Injured people phone me every week, asking what I can get for them. They want to know what Alaskan law allows them to recover. Here’s the list…
If you are injured in a motor vehicle crash, for example, Alaskan law allows you to claim these “damages” from the defendant: (1) past and future medical bills; (2) past and future lost wages; and (3) past and future “non-economic” losses.
The term “non-economic losses” is unfortunate. What it mean is – “Human Losses.”
My dad (a brilliant trial lawyer) used to say “People don’t live to work, they work so that they may live.” In other words, lost wages are the smallest part of any injured person’s losses. For five days each week, from 8:00 am to 5:00 pm, we toil at our jobs. For many of us, it isn’t until after 5:00 pm, and on weekends, that we get to live. So I ask you … what time is more valuable? The drudgery of most 8-5 employment, or the recreation that follows? Clearly, its the recreation. We only work so that we may live.
At trial, jurors are told about past medical bills – and provided a list. Future medical bills are normally determined by “expert” testimony/opinions from doctors. My client’s treating physician will give an opinion as to future/expected medical bills. The insurance company will then hire a really handsome doctor with a Harvard background and a fabulous tan (with perfect silver hair) to say that the “real” cost of future care is much, much less than the treating doctor said. Oddly, it doesn’t ever matter how much my treating physician says is reasonable for medical bills: The insurance doctor cuts it in half. Don’t get me started about insurance doctors. It’s ugly.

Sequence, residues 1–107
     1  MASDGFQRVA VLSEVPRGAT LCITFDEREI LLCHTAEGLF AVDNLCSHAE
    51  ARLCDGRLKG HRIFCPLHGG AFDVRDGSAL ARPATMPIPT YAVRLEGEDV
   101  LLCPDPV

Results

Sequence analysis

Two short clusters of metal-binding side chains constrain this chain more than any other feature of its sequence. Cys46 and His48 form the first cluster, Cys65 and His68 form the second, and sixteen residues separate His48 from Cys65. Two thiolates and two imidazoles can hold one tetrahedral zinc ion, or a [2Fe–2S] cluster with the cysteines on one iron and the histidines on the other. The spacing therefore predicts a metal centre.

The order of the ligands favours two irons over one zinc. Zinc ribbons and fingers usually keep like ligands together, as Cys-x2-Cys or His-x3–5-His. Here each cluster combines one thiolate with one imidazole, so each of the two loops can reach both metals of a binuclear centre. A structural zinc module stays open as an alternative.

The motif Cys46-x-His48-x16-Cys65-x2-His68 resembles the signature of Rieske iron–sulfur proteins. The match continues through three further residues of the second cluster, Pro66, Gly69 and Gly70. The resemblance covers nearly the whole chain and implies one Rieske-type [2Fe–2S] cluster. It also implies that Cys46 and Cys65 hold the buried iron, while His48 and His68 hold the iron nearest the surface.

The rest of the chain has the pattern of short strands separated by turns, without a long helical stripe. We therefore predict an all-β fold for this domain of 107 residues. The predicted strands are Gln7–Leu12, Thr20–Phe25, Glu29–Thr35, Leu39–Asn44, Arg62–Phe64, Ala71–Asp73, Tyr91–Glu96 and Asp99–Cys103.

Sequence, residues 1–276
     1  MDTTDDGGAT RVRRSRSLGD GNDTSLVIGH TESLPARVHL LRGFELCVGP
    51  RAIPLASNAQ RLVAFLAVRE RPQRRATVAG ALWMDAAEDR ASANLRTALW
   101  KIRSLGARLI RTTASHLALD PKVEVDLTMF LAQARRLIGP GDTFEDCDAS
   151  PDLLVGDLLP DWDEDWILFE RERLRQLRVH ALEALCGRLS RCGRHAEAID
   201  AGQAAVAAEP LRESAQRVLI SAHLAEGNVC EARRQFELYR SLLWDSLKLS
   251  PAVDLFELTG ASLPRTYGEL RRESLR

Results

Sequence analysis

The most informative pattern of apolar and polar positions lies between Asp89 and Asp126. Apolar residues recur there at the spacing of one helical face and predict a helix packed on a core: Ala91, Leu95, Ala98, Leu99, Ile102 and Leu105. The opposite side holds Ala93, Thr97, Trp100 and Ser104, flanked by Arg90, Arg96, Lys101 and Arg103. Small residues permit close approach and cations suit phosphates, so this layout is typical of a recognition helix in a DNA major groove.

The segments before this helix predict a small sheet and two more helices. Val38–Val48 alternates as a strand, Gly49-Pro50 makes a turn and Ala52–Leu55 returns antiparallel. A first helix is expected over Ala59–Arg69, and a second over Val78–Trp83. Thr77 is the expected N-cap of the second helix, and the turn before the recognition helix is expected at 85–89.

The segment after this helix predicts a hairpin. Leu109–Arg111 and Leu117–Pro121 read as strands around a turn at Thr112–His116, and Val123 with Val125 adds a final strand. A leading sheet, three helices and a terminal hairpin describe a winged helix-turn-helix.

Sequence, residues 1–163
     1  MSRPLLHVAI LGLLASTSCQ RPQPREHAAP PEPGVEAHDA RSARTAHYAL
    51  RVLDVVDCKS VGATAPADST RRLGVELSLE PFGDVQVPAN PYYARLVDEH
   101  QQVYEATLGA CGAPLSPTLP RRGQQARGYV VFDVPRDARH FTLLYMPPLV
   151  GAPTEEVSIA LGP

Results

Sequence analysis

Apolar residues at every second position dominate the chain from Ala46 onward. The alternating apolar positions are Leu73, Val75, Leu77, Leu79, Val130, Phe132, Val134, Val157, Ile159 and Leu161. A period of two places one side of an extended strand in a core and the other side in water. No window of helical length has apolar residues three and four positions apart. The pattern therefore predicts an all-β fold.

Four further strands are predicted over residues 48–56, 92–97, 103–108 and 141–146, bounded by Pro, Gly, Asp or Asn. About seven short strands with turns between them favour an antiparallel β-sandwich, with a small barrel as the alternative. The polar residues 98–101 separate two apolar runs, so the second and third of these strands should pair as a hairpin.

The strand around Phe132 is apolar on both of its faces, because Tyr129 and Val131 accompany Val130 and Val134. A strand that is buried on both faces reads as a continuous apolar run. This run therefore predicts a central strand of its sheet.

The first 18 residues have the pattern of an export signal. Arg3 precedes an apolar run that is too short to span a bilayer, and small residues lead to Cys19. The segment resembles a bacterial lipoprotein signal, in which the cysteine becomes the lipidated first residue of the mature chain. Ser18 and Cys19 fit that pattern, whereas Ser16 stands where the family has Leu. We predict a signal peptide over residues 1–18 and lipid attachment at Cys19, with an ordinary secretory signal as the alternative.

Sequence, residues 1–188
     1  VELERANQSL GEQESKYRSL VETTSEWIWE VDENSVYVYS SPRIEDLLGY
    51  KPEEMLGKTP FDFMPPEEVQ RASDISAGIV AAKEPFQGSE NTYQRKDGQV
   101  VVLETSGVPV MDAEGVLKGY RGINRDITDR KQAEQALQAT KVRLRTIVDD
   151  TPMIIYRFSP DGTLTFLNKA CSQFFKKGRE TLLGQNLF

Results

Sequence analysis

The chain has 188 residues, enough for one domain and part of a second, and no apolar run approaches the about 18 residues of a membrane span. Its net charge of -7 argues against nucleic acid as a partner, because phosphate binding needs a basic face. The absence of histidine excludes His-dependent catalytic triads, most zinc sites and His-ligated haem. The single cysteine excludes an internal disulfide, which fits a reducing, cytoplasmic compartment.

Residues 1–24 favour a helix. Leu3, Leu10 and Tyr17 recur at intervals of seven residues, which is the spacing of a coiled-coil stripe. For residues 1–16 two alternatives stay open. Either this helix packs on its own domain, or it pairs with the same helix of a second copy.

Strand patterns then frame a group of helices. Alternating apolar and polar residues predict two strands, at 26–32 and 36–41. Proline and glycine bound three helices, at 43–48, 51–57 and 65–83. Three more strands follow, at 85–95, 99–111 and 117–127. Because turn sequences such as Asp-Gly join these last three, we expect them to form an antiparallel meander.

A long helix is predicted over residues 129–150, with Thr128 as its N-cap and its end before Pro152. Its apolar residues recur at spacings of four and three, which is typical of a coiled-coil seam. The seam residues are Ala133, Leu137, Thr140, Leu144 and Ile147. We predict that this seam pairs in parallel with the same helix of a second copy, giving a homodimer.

The same analysis goes for lost wages. Insurance companies hire the same “vocational rehabilitation” experts to testify, again-and-again, that my client won’t lose any future wages, no matter how badly hurt.
The most important part of the jury’s verdict, lost enjoyment of life or “non-economic losses” all boil down to this question: “How much money would a reasonable person pay to avoid my client’s situation?” When a jury finally gets to consider how much a person would pay to avoid needless suffering, they usually can come up with a fair verdict. Unlike insurance companies, we tend to value human suffering quite dearly.
BOTTOM LINE: The answer to “What can you get for me?” is best answered with a question: “How much have you suffered?” If you have to call an attorney for help with your personal injury, I hope you are entitled to VERY, VERY little.